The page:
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Textus Receptus Bibles

The Great Bible 1539

 

   

4:1Then shall seuen wyues take holde of one man, and saye: we wyll laye all our meate and clothynge together in comen, only that we may be called thy wyues, & that thys shamefull reprofe maye be taken from vs.
4:2After that tyme shall the braunche of the Lorde be bewtyfull and myghtye, and the frute of the earth shalbe fayre and pleasaunt for those Israelytes that shal spring therof.
4:3Then shall the remnaunt in Sion & the remnaunt at Ierusalem be called holy: Namely all soch as are wrytten among the lyuynge at Ierusalem:
4:4What tyme as the Lorde shall wasth awaye the fylthynes of the daughters of Sion, and pourge the bloude out from Ierusalem with the wynde of hys iudgmente and with fyre.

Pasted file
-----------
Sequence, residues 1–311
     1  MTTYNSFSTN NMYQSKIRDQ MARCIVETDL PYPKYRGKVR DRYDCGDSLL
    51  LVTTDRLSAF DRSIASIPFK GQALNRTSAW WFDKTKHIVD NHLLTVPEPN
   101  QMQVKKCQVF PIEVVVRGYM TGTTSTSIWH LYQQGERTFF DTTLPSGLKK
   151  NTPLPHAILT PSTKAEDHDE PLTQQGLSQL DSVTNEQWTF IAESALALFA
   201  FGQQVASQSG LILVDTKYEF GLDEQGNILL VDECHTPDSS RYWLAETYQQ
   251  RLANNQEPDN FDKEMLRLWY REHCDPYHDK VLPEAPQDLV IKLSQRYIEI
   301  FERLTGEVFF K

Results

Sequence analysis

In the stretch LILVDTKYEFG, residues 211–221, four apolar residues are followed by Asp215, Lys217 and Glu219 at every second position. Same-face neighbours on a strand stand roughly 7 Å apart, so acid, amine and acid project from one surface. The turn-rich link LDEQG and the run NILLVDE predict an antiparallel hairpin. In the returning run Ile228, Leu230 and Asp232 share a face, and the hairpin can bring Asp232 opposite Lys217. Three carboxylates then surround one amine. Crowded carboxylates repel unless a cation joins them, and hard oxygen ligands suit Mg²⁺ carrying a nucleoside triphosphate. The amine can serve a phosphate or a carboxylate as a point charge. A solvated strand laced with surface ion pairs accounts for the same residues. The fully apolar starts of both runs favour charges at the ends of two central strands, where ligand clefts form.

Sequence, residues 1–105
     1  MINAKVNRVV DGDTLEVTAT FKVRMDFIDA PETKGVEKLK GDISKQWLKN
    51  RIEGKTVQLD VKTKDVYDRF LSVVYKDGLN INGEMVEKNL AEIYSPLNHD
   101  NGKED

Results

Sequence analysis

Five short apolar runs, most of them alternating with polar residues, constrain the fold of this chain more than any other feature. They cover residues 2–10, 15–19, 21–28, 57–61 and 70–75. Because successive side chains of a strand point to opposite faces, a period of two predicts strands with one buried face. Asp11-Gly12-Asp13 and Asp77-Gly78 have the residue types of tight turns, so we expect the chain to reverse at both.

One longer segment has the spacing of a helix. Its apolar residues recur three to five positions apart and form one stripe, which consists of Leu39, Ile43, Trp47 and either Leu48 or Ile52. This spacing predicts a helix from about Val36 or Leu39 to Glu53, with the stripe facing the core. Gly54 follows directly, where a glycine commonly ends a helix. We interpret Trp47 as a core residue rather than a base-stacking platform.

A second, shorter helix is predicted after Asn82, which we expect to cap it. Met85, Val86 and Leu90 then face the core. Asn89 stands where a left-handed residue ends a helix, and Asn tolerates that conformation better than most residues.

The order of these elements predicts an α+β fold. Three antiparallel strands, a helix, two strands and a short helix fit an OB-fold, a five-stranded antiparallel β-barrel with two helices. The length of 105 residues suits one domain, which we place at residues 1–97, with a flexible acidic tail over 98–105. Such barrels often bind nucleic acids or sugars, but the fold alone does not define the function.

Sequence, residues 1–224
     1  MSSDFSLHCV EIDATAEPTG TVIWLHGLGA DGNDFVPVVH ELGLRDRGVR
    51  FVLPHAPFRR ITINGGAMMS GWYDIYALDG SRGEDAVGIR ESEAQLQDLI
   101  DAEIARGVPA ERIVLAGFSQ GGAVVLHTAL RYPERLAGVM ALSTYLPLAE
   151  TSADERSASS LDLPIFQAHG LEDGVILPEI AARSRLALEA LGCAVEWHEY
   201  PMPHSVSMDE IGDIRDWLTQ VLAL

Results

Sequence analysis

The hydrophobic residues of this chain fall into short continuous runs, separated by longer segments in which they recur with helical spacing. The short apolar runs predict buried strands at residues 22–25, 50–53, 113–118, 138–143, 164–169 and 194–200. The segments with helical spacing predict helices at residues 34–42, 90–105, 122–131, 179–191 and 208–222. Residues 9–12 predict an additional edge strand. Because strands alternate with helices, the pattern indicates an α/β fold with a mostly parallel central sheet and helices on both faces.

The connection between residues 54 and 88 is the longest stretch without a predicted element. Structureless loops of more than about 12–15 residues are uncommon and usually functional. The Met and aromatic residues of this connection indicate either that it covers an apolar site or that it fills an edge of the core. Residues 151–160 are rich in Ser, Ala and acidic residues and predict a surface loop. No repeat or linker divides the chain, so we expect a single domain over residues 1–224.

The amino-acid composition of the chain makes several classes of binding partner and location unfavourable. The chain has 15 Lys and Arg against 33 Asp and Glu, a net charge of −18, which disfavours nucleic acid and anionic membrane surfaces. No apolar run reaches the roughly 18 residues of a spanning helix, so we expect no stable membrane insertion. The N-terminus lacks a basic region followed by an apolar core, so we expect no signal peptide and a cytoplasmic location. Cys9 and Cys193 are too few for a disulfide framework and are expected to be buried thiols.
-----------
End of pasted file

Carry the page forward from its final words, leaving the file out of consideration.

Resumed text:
4:5Moreouer, vpon all the dwellynges of the hyll of Sion and vpon theyr whole congregacion, shall the Lorde prouyde a cloude and smoke by daye, & the shynynge of a flammynge fyre by nyght: for all theyr glory shalbe preserued.
4:6And Ierusalem shall be a tabernacle for a shadowne because of hete in the daye tyme a place and refuge where a man maye kepe hym from wether & rayne.
The Great Bible 1539

The Great Bible 1539

The Great Bible of 1539 was the first authorized edition of the Bible in English, authorized by King Henry VIII of England to be read aloud in the church services of the Church of England. The Great Bible was prepared by Myles Coverdale, working under commission of Thomas, Lord Cromwell, Secretary to Henry VIII and Vicar General. In 1538, Cromwell directed the clergy to provide "one book of the bible of the largest volume in English, and the same set up in some convenient place within the said church that ye have care of, whereas your parishioners may most commodiously resort to the same and read it."